SPOILER ALERT: Don't continue if you haven't seen Downton Abbey, Season 5, Episode 4!
So last night we witnessed Lady Mary dump the smug Lord Gillingham at the Peter Pan Statue in Kensington Gardens of all places.
The idyllic park that witnessed milord's humiliation is west of Hyde Park in Central London. It's also the subject of J.M. Barrie's wonderful and wistful sequel to Peter Pan called, "Peter Pan in the Kensington Gardens" and was once illustrated by Arthur Rackham, the Edwardian illustrator who influenced Brian Froud (who created the characters in Labyrinth, one of our favorite fairy films).
Lady Mary's sly agenda of dumping Lord Gillingham here so he wouldn't "make a scene" backfired. He made a huge scene...refusing to accept Mary's kiss off--all in front of Peter Pan!
For those set-jetting Sound of Music lovers who've done the Vienna and Salzburg, Sound of Music tours, here's a special opportunity to get up close and personal with Maria and Captain Von Trapp.
The TCM Classic Film Festival premieres this March with both of the movie's stars together in attendance for a talk and a screening of the film that launched thousands of trips to the Austrian Alps.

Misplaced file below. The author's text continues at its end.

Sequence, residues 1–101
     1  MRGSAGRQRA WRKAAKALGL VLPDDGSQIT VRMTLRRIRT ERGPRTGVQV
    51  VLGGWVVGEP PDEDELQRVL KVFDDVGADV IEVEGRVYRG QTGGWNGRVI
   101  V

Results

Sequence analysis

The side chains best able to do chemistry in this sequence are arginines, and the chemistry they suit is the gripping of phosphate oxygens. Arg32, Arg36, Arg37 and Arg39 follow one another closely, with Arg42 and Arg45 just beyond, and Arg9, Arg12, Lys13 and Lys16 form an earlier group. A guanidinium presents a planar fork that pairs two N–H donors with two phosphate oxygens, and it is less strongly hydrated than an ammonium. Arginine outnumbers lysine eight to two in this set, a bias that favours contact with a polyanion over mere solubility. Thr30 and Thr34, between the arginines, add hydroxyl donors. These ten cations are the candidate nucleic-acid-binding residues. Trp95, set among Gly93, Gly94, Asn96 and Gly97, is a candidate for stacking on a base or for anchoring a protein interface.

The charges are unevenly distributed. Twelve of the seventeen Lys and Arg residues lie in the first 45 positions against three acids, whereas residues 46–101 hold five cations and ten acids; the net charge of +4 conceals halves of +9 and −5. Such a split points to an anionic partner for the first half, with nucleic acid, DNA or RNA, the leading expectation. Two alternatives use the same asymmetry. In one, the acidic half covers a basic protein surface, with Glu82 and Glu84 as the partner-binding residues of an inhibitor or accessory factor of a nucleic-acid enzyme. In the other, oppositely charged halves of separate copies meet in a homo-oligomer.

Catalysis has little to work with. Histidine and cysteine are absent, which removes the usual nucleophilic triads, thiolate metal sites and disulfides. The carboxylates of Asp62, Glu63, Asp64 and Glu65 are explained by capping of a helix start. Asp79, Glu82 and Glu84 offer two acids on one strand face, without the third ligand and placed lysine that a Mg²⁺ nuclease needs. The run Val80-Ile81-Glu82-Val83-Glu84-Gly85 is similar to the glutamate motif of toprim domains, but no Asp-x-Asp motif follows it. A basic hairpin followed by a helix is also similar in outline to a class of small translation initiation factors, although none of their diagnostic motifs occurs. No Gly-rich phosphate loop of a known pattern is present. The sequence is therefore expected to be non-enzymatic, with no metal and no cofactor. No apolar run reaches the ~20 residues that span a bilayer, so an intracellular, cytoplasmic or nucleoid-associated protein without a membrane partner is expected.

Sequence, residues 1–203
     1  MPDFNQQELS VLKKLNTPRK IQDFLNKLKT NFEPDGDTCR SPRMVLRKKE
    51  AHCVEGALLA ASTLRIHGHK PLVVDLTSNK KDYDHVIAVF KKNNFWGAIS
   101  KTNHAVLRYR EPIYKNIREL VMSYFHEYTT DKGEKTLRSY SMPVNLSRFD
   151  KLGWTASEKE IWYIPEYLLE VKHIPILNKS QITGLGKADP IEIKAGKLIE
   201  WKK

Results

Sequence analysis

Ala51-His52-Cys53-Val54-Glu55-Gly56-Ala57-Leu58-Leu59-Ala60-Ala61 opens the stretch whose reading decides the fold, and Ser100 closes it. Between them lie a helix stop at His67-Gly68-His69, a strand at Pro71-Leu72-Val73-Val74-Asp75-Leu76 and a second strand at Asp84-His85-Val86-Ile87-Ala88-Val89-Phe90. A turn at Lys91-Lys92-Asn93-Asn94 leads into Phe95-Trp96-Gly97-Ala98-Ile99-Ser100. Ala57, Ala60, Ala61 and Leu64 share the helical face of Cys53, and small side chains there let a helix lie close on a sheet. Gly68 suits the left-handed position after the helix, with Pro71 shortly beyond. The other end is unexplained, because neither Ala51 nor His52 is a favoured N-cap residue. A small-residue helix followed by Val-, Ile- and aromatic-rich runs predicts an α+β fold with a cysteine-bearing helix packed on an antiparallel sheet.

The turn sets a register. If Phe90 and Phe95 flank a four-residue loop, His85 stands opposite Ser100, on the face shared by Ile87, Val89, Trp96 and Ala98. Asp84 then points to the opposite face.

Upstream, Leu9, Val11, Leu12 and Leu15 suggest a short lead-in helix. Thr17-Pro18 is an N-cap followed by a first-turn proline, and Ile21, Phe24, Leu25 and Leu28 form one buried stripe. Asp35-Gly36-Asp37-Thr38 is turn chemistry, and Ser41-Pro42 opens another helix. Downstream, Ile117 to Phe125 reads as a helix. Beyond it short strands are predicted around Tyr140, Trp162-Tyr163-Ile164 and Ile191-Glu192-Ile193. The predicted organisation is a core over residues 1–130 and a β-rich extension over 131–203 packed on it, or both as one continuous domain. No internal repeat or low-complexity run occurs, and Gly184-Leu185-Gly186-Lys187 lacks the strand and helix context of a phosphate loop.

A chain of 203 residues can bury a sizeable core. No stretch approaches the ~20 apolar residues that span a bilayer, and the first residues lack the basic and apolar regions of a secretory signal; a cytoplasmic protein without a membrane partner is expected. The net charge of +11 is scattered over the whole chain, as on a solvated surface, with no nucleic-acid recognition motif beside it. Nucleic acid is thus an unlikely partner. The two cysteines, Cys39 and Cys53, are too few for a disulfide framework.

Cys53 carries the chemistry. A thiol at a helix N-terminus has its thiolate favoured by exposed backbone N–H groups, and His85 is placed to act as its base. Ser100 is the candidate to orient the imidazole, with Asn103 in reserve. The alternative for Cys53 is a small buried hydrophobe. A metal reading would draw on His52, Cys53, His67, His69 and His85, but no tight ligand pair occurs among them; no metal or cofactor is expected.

I spoke with Kym Karath (Gretel) at the Austrian Tourism Board several years ago and she told me that she was still very close to Julie Andrews who was "very much like the character in the film to us."
I admit it. I'm a Star Trek "Big Bang Theory" type geek. And yes, I have a Tiny Spock (see below). I've also recently found some very beautiful National Park WPA-era posters that are just chock full of vintage travel vibe.
So why not combine the two? Tiny Spock Visits Our National Parks!
Our first visit will be to Death Valley National Park (in February). You'll get a chance to see Tiny Spock near some cacti, Tiny Spock poolside with a Margarita and Tiny Spock lost in a desert that looks a lot like the planet Kirk had to fight the Gorn on--you know those paper mache bolders?
So Tweet me @GretchenKelly and let me know what National Park you'd like to see Tiny Spock visit next and what Death Valley National Park experience you'd like to see him try--logically, of course.
SPOILER ALERT: Season 5 Episode 3!
So...Lady Mary is being a bad girl again. Season 5's episode 5 of Downton
Abbey follows Lady Mary into the den of iniquity that is Liverpool's Grand Hotel (with Lord Gillingham in an "adjoining room"!).
As many set-jetting Downton Abbey fans know, Liverpool is not just the home port of the Beatles. In Downton Days, Liverpool was frequented by the landed gentry who often spent days in the city's grand hotels prior to embarking on the great cruise lines across the Atlantic.
Liverpool still has one of these wonderful hotels...intact and redolent of a haunting turn-of-the-century allure that only marble walls and grand foyers afford.